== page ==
Kirsty Capes reviews the ninth episode of American Horror Story: Roanoke season 6…
And so we reach AHS: Roanoke’s climactic moments, and while a lot of promises are fulfilled in this episode, a whole load of questions are left unanswered, too.
Episode 9 is much of the same of the previous episode – some great jumpy moments, plenty of blood and gore and some unexpected twists thrown in for good measure. Last episode ended with Wes Bentley’s character, Dylan, showing up on the doorstep of the Roanoke mansion dressed as a pig, still part of the fictional reality show put together by the now-dead Sidney. Dylan, Audrey and Lee end up heading back to the Polks’ farm to retrieve the footage of them murdering Mama Polk and her family, and rescue Monet. Unknown to the others, Lee also has her hidden agenda of retrieving her taped confession, in which she tells her daughter Flora that she murdered Mason. In usual AHS fashion, this journey is not a simple one and it involves plenty of violence and death. Wes Bentley’s short-lived appearance in season 6 comes to a rather abrupt end, begging the question of what he was doing here in the first place apart from serving as a gratuitous cliffhanger moment for the end of episode 8. His character’s motivations are unclear too: he describes himself as a dedicated actor, committed to his craft, but then also speaks of his history in the military and his code of honor, which at odds with his persona as an actor.
Meanwhile, one of the most-anticipated appearances of the series manifests itself, as Taissa Farmiga makes her entrance as Sophie, a Roanoke super-fan attempting to get some sneaky footage of the house for her Instagram fan account. Once again, she doesn’t last long in Roanoke and she and her two companions meet bloody ends at the hands of the Butcher and Lee who is possessed by the witch of the woods. It seems that in the introduction of yet another story-within-a-story facet to this series, Taissa and her friends represent a commentary on the nature of fame and so-called reality television, something which has been a running theme throughout the series. Despite this important thematic commentary, the depiction of Sophie and her friends as a vapid millennial, only concerned with Instagram likes and ‘going viral’, is so far away from an accurate portrayal of 2016 teens, that it is almost laughable. In addition, some of Farmiga’s dialogue is poorly shoehorned to make additional and rather vain social commentary on what Roanoke is trying to say about today’s society. Sophie talks about the original first season, My Roanoke Nightmare, being a mouthpiece for anti-patriarchal sentiments and ‘post-racial’ society. I think it is an attempt to continue to deepen the layered meta-show behemoth that Roanoke has become with its many different angles of reality, but instead it comes across rather embarrassingly as some grandiose self-analysis, putting words into the mouths and pens of the many critics and media studies students around the world watching the series. The most criminal of all is the utter under-utilisation of Farmiga’s talent, she who was easily the best thing about both AHS Murder House and AHS Coven, but has now been reduced by Ryan Murphy to a one-episode cameo and a prop.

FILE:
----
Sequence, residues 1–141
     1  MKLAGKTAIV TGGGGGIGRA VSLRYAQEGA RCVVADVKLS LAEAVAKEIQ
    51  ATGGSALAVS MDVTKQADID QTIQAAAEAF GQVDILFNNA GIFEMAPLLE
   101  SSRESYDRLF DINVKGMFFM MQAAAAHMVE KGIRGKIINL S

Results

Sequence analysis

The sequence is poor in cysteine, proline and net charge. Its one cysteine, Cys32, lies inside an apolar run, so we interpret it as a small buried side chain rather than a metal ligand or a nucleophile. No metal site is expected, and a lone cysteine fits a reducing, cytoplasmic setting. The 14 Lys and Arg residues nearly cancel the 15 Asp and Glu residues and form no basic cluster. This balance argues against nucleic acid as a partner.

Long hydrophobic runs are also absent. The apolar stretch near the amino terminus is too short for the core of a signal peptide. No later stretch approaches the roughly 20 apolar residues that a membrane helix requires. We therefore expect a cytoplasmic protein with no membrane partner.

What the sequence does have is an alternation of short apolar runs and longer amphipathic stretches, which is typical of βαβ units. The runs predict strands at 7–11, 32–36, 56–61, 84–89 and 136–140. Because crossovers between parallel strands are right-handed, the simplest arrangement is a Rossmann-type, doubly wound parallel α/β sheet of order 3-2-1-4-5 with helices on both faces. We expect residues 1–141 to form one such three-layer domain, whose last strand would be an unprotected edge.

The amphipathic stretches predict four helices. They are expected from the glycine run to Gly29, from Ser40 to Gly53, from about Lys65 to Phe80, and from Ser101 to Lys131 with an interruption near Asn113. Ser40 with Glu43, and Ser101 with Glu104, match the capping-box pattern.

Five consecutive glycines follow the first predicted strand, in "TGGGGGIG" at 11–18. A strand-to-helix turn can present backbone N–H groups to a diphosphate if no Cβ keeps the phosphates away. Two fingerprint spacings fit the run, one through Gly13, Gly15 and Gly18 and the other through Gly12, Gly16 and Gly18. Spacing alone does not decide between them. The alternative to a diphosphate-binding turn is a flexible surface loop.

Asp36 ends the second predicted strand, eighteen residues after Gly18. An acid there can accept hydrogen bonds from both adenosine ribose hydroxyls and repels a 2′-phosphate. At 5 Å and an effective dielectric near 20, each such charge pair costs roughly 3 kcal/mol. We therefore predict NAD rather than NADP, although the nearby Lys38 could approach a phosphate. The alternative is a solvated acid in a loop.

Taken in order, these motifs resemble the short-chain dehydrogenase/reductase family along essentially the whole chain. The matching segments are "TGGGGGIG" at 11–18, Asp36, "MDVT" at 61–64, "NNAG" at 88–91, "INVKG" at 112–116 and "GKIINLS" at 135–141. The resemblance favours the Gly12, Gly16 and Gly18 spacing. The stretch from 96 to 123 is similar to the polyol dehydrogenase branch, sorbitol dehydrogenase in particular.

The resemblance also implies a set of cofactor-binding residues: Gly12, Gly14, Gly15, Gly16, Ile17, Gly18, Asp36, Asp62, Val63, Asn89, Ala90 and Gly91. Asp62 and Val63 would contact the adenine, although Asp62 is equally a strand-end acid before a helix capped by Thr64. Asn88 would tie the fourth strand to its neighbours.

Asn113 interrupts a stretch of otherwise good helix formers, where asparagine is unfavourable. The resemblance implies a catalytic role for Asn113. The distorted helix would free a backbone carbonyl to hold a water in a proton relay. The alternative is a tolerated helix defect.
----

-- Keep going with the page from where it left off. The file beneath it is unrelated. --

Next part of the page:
On Murphy, I was surprised that he killed off his favourite, Sarah Paulson (Audrey) this episode, as she is usually an AHS survivor. Then next week’s teaser showed that Lara Winters (Sarah Paulson’s protagonist of AHS Asylum) will make an appearance in an exclusive interview with Lee. This, besides Pepper’s appearance in both Asylum and Freak Show, is the first solid proof we have that all AHS seasons, or at least some of them, exist within the same universe.
Props also have to be given to Adina Porter, whose acting this episode and throughout the season has been simply incredible. She had some of the most torturous scenes of the entire cast and she pulled them off so convincingly that at times I had to look away. I’m intrigued that Lee was the survivor that was promised in episode 6. What I’m unsure about is Lee’s arc and how her journey fits into this denouement. The Lana Winters special will certainly reveal some of the things we have been questioning, but ultimately I don’t it will be able to polish what has been a rather sloppy, albeit gruesome, season of AHS.